The current ‘mass quarantining’ that has been advocated for in the name of ‘controlling’ the COVID pandemic has drawn attention and concern from many because of the seemingly drastic measures being taken without clear knowledge of what exactly is happening or how said measures will stop the virus from spreading and reduce deaths. In the case of Germany, as reported yesterday, there is great concern as at least three states are discussing the forced arrest and concentration of COVID quarantine violators into migrant camps. Given Germany’s history, and the potential of this act to spread disease among the migrants, it naturally is a very questionable thing.
But now the UK is proposing similar means of a comparatively drastic nature, for as Bloomberg reports by way of MSN News, the government is considering the establishment of “quarantine hotels” where people would be forcibly concentrated and ‘quarantined’ until determined to be ‘safe’ to travel.
The U.K. will step up its mass coronavirus vaccination program this week, offering shots to millions more people, as the country shuts its borders to anyone who hasn’t tested negative.
Vaccines will be offered to people aged 70 and over, and those deemed “clinically extremely vulnerable” from Monday — the third and fourth priority groups. Prime Minister Boris Johnson called it a “significant milestone” in the vaccination effort.
England Isn’t Listening to Johnson’s Lockdown Orders Any More
The government aims to offer the vaccine to all U.K. adults by September, Foreign Secretary Dominic Raab said Sunday. So far, almost 3.9 million people have received their first dose, according to the government.
Meanwhile, ministers will close travel corridors with other countries from Monday, meaning that all visitors from overseas will require a negative test result within 72 hours of travel to enter Britain. Health officials will step up checks to make sure they self-isolate at home for the next 10 days.
The government hasn’t ruled out setting up quarantine hotels or using GPS trackers to make sure people stay put. Raab told Sky News it would consider “all possibilities” to enforce Covid rules and prevent any new variants of the virus derailing the U.K.’s vaccination efforts.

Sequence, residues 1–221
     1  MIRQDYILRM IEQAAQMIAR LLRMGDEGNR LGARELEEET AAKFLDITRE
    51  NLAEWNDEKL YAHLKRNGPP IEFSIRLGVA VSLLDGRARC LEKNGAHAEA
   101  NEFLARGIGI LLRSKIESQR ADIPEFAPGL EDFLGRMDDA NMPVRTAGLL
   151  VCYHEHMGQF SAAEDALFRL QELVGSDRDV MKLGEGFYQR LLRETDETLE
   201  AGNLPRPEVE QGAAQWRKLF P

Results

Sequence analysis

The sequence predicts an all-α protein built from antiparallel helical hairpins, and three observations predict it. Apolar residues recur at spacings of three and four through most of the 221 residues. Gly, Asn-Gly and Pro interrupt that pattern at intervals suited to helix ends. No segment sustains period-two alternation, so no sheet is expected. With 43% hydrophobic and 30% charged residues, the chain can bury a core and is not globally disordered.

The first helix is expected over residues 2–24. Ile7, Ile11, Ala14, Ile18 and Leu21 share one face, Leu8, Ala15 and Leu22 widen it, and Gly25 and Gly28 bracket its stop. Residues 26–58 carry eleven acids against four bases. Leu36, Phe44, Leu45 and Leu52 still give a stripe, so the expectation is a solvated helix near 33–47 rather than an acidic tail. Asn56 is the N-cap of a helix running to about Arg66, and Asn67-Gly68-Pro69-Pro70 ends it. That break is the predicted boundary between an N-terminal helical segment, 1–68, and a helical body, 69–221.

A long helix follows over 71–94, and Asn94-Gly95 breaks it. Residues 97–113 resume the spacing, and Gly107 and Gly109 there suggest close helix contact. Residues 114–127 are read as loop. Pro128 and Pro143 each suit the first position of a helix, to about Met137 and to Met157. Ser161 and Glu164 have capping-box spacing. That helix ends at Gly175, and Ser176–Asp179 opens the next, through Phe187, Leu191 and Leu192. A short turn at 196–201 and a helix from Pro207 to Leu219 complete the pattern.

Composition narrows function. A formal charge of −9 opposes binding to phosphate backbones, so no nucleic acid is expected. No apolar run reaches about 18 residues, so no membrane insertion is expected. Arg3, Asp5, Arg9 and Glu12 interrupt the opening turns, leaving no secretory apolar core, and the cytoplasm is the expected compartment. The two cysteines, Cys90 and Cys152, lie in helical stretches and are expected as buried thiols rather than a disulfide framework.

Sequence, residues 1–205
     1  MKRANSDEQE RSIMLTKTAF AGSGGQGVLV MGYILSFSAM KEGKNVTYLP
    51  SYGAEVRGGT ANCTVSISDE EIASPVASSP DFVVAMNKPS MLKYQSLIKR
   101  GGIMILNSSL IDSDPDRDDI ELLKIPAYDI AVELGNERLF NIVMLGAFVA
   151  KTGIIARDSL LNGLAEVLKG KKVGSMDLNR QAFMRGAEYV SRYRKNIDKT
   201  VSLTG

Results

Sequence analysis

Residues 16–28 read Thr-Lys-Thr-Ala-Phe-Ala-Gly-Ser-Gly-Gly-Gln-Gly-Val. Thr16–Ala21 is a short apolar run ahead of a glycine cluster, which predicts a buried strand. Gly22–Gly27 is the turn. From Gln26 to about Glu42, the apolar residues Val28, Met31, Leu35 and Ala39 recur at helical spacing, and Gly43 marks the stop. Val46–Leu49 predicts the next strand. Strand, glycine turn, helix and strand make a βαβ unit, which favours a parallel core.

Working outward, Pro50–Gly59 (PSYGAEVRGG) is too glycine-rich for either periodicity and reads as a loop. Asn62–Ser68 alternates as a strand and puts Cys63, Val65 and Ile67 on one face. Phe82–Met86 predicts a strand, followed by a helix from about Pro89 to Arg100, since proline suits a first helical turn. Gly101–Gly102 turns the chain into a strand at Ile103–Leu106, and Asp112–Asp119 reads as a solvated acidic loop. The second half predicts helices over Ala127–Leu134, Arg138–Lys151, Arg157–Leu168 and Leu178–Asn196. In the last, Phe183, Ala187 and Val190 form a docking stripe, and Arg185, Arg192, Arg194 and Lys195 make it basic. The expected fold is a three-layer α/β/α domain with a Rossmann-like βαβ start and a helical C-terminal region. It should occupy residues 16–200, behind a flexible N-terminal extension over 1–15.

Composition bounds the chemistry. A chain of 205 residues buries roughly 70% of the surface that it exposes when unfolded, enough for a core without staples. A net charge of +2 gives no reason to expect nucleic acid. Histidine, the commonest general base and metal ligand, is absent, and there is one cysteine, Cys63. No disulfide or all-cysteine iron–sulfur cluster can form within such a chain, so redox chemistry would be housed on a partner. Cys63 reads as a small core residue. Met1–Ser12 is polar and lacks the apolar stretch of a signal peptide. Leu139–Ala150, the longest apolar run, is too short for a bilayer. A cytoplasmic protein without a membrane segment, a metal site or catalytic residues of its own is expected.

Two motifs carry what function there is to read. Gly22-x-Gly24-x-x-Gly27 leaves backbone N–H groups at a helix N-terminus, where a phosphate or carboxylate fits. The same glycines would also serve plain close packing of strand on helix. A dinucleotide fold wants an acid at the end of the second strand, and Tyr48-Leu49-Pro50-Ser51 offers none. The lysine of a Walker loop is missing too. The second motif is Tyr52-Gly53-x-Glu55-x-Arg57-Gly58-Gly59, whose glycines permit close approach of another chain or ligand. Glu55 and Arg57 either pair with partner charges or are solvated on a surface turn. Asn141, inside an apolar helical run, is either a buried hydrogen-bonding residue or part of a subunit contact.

Forcing travelers to stay in dedicated hotels on arrival would still put the U.K. many months behind other countries, including Australia which introduced the policy last March. (source)
One can call it a hotel or a camp. It does not matter because the concept is the same- the concentration into one spot in the name of “public safety” that comes at a clear surrender of not just civil rights, but also one’s personal dignity. This is not to say that the virus is not serious or a concern. Rather, it is to say that as I have reported before, the long-term effects of COVID and how it reshapes social norms or rather, is used to reshape social norms, will far outlive the virus itself. This is the real danger, because diseases always go away (it is never heard of that a virus stays with a people forever in the same capacity as before, for even the Black Plague went away even though it still exists) and life resumes. While emergency measures are necessary and real, there is a pattern of abusing them to get power and then keep the power instead of returning to normal as in the past, with the ‘changes’ that happened as a ‘new normal’ and justified by the events of the past but with intentionally obscuring the future effects of such a change, with is always the gain of the powerful at the loss of those under their control.
Perhaps a vaccine will help. There are truly measures such as mask wearing and social distancing that help too. However, these are supposed to be temporary, not permanent changes, to how people live. Rather, this is not happening, and instead, changes are being made increasingly with an attitude of permanence in mind. When one add to this how people seem to be increasingly guided into places of concentration in the name of a supposed ‘public good’, it is difficult seemingly to argue how this could ever end well if one looks at history as even a simple guide for the future from the past.